In the annals of cynical politics, Kentucky's Republican Senate has reached new heights, or depths.
It has thumbed its collective nose at 180,000 Kentuckians who have served their time for felony convictions but still aren't allowed to vote, and the thousands of people who have worked for years to restore their voting rights — and told them they should be thankful.
The House should refuse this farcical rewrite.
The Senate has a long history of rejecting felon voting rights but the twist this year is the upper chamber manipulated the process so it could appear to be expanding rights without actually doing so.
This is how it worked: The House overwhelmingly passed House Bill 70, a plan long championed by Rep. Jesse Crenshaw, D-Lexington, to amend the state Constitution to automatically restore voting rights to felons who have served their time.
Kentucky is one of very few states that still restrict voting privileges for this group of people. The only way they can vote here is to get a special dispensation from the sitting governor.
Under Crenshaw's bill, voting rights would be restored automatically — except for those convicted of intentional homicide, sodomy, rape and sex offenses involving children —- after sentences are served. Simple and fair.
The Senate version, pushed by Sen. Damon Thayer, R-Georgetown, is neither simple nor fair nor a real improvement. It maintains the status quo, which extends punishment beyond the period set in a court of law, preventing people who have rejoined society from participating fully. The Senate changes include:
■ A five-year wait before voting rights are restored automatically after the sentence is served for everyone except those favored few who get dispensation from whatever governor is in office.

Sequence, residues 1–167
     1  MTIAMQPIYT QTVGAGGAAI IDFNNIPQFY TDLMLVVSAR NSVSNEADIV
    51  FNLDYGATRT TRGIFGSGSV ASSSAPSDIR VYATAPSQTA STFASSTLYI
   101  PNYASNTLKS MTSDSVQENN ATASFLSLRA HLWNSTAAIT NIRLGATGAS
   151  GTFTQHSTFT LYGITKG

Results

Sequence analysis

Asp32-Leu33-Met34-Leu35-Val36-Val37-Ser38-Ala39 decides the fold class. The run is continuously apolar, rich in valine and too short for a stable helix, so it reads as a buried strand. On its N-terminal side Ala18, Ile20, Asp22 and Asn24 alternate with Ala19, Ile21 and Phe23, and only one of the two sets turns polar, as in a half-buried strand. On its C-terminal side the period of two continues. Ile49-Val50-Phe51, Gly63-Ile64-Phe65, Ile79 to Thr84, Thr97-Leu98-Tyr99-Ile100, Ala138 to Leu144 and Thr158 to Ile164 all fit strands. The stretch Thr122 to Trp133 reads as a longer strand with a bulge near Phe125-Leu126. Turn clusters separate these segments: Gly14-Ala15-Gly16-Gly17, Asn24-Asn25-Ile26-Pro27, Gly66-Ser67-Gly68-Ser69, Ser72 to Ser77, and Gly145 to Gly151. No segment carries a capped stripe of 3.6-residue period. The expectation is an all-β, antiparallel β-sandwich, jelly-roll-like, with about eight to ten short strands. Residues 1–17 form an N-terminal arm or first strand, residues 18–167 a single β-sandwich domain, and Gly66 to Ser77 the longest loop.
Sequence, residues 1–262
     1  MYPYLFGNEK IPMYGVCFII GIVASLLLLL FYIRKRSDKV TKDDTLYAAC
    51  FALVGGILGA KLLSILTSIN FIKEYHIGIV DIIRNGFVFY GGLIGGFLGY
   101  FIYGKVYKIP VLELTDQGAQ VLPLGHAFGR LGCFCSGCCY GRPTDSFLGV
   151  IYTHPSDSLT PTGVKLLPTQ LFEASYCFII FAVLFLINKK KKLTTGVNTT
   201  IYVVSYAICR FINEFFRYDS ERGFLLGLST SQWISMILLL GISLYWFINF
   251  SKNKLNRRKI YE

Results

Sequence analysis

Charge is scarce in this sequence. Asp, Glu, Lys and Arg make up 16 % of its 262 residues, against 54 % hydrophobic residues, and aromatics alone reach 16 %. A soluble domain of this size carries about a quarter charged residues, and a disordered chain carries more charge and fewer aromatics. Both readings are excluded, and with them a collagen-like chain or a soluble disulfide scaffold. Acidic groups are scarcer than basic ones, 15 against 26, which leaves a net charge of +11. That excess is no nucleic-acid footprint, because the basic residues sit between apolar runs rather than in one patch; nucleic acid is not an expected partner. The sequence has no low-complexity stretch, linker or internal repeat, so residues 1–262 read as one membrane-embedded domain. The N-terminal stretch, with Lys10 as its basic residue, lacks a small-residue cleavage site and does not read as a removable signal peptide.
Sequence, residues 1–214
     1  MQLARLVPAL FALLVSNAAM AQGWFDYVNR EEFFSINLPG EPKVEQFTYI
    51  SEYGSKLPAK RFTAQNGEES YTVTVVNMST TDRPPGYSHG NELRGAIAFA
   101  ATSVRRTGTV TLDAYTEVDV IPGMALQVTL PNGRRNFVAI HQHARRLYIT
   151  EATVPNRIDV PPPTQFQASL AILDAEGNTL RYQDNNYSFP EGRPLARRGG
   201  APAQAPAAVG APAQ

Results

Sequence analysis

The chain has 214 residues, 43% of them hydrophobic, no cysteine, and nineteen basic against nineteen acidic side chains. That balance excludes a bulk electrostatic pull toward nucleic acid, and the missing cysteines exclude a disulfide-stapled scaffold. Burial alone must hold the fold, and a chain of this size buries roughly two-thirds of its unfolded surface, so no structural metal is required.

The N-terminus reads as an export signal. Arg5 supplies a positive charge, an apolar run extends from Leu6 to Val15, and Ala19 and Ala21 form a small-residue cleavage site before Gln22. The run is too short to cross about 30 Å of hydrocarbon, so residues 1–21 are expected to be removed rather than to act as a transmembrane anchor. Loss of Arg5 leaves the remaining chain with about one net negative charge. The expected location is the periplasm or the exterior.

■ No automatic restoration for people who have been convicted of two or more felonies arising from separate crimes.
■ No automatic restoration for those who commit misdemeanors during the five-year waiting period.
■ A wild card allowing the General Assembly to designate "high misdemeanors" that also would serve to eliminate voting rights.
There are a lot of problems with this. The most basic is that it continues to bar tens of thousands of Kentuckians — now one in 17 of voting age adults and one in five black males — from one of the most basic rights of citizenship.
Procedurally and politically, once a constitutional amendment is voted up or down it will be very difficult to return to this issue.
Finally, why bother? The Senate substitute's net effect would not be to affirm that people who have paid their debts to society have earned the right to be full citizens, but to muddy and confuse their status.
The only answer to that question is profoundly cynical: Led by presidential hopeful U.S. Sen. Rand Paul, Republicans are trying to burnish their image with minorities by appearing to support voting rights when, in reality, they don't.
The only hope for this important measure is that, rejected by the House, it goes to a conference committee that strips out the offensive Senate changes. If such a clean bill passed both houses, then, at long last, voters would have a chance to extend full citizenship to almost a fifth of their fellow Kentuckians.